Furthermore, none of their rulings are published -- they just make their decrees and scurry back into the darkness. One FISC judge defended this practice by explaining, "It's difficult for a judge to summarize the work of another judge." It is totally understandable to be confused by this statement, because the Supreme Court has had absolutely no problem publishing extensive writing for every single decision they've made over the past 225 years.
"All this time, we could've just said 'cuz' and moved straight on to the orgies? That's way easier!"
For those having trouble deciding whether this whole thing sounds way too Kafkaesque to be true, here's a fun quiz you can take. All you have to do is choose whether a court action/quote is taken from the FISC or Franz Kafka's The Trial, where a man gets tried, convicted, and executed despite never being told why he was on trial. It's a way harder quiz than it should be.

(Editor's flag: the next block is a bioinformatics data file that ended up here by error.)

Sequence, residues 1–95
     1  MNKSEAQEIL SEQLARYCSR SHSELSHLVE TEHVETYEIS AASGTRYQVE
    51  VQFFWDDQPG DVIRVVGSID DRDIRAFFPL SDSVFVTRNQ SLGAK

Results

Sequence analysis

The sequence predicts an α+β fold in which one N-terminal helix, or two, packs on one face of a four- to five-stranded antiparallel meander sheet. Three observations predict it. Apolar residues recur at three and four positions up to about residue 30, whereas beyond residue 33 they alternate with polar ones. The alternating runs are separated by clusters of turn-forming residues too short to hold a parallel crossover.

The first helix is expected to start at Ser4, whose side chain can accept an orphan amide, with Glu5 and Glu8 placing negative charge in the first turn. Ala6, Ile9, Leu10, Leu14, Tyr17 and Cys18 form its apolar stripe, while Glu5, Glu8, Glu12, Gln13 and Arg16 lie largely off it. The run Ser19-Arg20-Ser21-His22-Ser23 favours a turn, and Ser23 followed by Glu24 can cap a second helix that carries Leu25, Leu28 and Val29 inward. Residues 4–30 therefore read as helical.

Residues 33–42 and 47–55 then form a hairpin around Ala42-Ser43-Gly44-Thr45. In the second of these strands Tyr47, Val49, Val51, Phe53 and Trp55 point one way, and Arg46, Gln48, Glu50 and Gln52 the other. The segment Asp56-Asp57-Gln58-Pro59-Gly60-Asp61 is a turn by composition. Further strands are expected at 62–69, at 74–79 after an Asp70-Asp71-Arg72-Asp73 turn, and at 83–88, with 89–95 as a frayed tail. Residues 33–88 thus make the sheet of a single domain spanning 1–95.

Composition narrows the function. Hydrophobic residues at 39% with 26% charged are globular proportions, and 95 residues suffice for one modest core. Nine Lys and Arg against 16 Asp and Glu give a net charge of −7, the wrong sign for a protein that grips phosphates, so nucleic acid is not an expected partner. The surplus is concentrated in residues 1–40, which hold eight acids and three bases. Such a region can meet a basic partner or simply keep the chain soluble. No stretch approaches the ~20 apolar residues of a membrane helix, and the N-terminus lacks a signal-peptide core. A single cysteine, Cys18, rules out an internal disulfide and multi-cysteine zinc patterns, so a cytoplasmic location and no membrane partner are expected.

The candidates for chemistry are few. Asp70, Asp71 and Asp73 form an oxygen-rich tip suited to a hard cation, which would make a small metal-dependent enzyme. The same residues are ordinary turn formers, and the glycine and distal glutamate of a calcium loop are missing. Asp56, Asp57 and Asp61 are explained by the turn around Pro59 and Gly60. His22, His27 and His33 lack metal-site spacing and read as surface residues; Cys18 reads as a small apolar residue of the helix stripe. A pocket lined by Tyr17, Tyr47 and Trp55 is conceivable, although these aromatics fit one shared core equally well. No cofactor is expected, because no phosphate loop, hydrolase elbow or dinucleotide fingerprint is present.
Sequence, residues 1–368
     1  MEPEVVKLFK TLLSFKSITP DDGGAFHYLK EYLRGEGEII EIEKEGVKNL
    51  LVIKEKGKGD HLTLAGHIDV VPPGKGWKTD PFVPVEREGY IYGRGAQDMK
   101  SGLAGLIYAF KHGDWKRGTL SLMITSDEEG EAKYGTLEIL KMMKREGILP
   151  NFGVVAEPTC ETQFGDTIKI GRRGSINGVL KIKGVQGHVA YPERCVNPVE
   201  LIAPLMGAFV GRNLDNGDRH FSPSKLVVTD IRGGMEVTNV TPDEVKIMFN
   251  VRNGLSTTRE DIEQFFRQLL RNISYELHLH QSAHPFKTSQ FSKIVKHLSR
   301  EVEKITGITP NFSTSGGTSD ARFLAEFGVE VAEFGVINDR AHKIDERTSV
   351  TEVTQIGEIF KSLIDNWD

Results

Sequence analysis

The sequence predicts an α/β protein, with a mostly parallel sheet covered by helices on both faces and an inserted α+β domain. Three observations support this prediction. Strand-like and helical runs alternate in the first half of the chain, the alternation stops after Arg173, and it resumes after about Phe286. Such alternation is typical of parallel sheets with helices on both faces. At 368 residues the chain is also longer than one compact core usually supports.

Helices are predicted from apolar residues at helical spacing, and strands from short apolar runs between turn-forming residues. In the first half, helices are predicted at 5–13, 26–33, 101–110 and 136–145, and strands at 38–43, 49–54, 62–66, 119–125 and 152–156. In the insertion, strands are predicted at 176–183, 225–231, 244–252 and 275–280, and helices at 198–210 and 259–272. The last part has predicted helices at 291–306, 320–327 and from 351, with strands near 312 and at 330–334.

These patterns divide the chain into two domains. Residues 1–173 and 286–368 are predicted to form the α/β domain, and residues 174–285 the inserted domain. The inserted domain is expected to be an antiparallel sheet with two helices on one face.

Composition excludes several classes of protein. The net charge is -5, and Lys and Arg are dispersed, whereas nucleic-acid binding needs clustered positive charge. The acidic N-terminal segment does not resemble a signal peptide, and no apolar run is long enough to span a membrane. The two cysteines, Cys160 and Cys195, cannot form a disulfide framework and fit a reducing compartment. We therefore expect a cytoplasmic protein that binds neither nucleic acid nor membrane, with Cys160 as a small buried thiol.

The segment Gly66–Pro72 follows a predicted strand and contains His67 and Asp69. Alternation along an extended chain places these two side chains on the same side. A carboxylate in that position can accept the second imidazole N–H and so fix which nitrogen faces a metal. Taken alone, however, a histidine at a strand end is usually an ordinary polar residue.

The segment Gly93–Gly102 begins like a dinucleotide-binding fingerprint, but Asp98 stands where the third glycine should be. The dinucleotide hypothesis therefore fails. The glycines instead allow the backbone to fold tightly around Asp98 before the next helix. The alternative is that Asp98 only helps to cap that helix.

One Tiny Company Decides What Shows Get To Stay On Television
You've likely never heard of the Media Rating Council, but they're the reason all your favorite shows keep getting canceled, while Chuck Lorre gets to keep ice skating across fields of cocaine into giant piles of money. Founded in 1963 by the federal government to combat the rash of crooked TV quiz shows, the MRC is currently composed of five people who have total power to determine what gets to stay on television, and all they care about are the goddamn Nielsen ratings.
"Dear diary: Went to work and accidentally left the TV on during a Big Bang Theory marathon. God help us all ..."
With each passing Netflix subscription, the once-revolutionary Nielsen ratings system -- which monitors 25,000 random TVs via a laughably archaic control box to decide what the other 116,275,000 TVs in the U.S. are probably watching -- increasingly comes across as disorganized and useless, because holy shit look at this fucking thing:
She's either single-handedly deciding the future of our entertainment or opening a garage door.